Making War and Building Peace United Nations Peace Operations
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Description: Making War and Building Peace analyzes the effectiveness of United Nations peacekeeping missions in building peace after civil war. It utilizes statistical analysis of all civil wars since 1945 to compare the outcomes of peace processes, including UN peacekeeping missions to those without any UN involvement. It also uses in-depth case studies to explain the mechanisms through which UN peacekeeping works.Michael Doyle and Nicholas Sambanis argue that each mission must be designed to fit its conflict strategically. Where, as is often the case, the parties remain hostile and extensive destruction has occurred, UN missions become effective by transforming a conflict multidimensionally. These missions support--even create--new players who are committed to the peace, build institutions for governance, and monitor and police the parties' implementation of peace settlements. UN missions are most effective in the first few years after the end of a war. In the longer term, economic development has the greatest impact in reducing the risk of rekindled war. Therefore, the authors propose an expansion in the UN's role in launching development projects after civil war, in cooperation with other multilateral institutions.They also find that the UN is not good at intervening in an ongoing war. If the conflict is controlled by spoilers or if the parties are not yet ready to make peace, the UN cannot play an effective enforcement role. But it can offer its technical expertise in multidimensional peacekeeping operations that follow enforcement missions, those undertaken by states or regional organizations such as NATO that can wield power with relative force.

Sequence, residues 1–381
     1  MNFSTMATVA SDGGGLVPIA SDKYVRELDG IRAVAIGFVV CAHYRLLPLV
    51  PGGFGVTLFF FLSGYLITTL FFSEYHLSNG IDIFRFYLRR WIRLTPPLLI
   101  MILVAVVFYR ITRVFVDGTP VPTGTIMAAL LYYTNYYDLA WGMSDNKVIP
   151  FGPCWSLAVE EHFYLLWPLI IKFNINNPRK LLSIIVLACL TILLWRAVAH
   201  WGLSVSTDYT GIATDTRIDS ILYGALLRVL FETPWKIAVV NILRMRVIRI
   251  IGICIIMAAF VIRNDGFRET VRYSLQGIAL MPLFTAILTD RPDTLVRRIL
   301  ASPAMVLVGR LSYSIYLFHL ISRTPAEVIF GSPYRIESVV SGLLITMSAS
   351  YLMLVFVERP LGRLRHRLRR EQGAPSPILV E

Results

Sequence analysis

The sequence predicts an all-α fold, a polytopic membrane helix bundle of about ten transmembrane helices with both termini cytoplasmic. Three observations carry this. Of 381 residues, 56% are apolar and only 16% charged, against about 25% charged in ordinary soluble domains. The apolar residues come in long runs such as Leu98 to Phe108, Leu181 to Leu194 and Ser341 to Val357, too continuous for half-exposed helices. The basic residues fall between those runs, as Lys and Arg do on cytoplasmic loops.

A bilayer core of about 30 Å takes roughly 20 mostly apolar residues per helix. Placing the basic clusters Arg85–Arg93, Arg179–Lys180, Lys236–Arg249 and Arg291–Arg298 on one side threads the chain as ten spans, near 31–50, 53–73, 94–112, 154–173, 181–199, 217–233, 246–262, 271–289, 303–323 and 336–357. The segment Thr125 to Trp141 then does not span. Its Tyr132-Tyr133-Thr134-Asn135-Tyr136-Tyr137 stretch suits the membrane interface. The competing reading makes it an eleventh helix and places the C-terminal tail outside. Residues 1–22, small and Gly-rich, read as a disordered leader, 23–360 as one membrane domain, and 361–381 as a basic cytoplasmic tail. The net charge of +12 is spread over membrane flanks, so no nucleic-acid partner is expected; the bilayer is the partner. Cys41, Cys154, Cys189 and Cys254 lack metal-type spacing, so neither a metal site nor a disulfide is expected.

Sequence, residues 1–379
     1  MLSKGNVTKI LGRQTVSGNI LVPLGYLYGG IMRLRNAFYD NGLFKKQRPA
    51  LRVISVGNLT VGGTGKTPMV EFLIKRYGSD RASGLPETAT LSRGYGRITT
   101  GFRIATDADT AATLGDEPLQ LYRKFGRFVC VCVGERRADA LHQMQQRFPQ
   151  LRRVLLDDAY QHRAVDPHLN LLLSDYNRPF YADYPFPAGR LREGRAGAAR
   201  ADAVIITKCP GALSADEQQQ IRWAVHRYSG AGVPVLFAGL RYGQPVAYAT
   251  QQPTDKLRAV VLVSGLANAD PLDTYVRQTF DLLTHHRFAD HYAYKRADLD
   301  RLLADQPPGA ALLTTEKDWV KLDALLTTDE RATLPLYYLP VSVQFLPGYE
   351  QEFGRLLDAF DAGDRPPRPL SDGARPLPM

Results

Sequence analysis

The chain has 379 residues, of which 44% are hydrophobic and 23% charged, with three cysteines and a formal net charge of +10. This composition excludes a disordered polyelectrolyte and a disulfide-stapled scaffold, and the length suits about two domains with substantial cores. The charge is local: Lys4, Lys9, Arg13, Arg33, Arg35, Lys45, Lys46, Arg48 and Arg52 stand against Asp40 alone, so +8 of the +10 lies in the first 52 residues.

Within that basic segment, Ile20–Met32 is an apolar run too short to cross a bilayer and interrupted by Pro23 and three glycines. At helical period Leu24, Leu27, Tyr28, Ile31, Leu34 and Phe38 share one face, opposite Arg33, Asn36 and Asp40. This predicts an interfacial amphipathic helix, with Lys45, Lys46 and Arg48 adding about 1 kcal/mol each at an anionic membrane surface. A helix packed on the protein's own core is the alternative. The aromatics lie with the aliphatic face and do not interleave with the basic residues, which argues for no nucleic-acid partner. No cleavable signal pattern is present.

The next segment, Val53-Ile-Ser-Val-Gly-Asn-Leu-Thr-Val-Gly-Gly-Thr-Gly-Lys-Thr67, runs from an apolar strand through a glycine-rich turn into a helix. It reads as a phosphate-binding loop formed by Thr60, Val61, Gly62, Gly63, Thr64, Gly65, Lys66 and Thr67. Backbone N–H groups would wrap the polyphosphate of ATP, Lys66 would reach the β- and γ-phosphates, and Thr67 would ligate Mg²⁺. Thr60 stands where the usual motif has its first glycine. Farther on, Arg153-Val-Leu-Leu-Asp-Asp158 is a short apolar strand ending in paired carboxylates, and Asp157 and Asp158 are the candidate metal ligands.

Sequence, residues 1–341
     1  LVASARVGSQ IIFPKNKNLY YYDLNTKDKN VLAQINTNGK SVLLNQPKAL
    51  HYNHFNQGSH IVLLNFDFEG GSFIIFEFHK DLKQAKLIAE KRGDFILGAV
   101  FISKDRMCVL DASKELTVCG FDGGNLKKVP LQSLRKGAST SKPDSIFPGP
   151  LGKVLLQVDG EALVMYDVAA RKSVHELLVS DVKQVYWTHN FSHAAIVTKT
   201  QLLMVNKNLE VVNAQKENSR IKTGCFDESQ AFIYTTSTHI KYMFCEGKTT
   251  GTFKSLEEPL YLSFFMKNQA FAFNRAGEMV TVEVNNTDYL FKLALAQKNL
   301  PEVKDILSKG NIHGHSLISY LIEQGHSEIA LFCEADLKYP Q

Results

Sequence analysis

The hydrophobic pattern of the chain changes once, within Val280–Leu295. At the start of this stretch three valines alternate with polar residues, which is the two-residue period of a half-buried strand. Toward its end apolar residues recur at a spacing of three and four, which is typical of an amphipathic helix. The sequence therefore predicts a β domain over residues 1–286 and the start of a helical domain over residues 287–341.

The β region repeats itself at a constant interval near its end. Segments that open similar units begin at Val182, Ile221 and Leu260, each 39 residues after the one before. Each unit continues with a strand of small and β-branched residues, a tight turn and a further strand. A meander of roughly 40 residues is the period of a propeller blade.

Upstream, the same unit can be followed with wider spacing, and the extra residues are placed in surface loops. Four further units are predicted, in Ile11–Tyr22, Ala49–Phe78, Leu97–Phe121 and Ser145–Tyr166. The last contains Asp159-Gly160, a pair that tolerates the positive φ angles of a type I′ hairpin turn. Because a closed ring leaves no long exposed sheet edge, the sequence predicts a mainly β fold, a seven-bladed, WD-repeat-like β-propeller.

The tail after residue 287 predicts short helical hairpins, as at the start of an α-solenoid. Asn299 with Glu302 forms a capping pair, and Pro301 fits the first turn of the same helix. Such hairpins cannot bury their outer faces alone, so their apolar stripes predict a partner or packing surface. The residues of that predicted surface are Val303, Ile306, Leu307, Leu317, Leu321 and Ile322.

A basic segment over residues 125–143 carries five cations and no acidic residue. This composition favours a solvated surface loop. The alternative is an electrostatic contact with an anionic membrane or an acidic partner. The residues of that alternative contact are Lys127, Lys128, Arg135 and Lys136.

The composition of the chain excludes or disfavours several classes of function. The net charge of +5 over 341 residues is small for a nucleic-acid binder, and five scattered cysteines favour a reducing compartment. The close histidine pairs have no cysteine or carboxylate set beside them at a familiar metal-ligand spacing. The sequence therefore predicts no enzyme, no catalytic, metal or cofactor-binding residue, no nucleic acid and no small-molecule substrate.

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All the information you need in one place! Each Study Brief is a summary of one specific subject; facts, figures, and explanations to help you learn faster.
List price: $52.50
Copyright year: 2006
Publisher: Princeton University Press
Publication date: 6/4/2006
Size: 6.25" wide x 9.25" long x 1.25" tall
|List of Figures|
|List of Tables|
|List of Boxes|
|Introduction: War-Making, Peacebuilding, and the United Nations|
|The New Interventionism|
|Generations of UN Peace Operations|
|The Challenge of Peacebuilding|
|Plan of the Book|
|Internal (Civil) War and Peacebuilding|
|Theories of Civil War|
|Implications of Civil War Theory for UN Intervention|
|A Peacebuilding Triangle|
|Testing Peacebuilding Strategies|
|The Peacebuilding Dataset|
|Analysis of Peacebuilding Success in the Short Run|
|Policy Hypotheses and Hypothesis Testing|
|Definitions and Coding Rules|
|Summary Statistics for Key Variables|
|The Former Yugoslavia|
|Clausewitz and Peacekeeping|
|Making Peace: Successes|
|Monitoring and Facilitation in El Salvador|
|Administratively Controlling (but Barely) Peace in Cambodia|
|Executive Implementation of Peace in Eastern Slavonia|
|Dayton's Dueling Missions and Brcko--Dayton's Supervisory Footnote|
|Making Peace: Failures|
|The Four Strategies|
|The Peacebuilding Record|
|A Seven-Step Plan|
|The Costs of Staying--and Not Staying--the Course|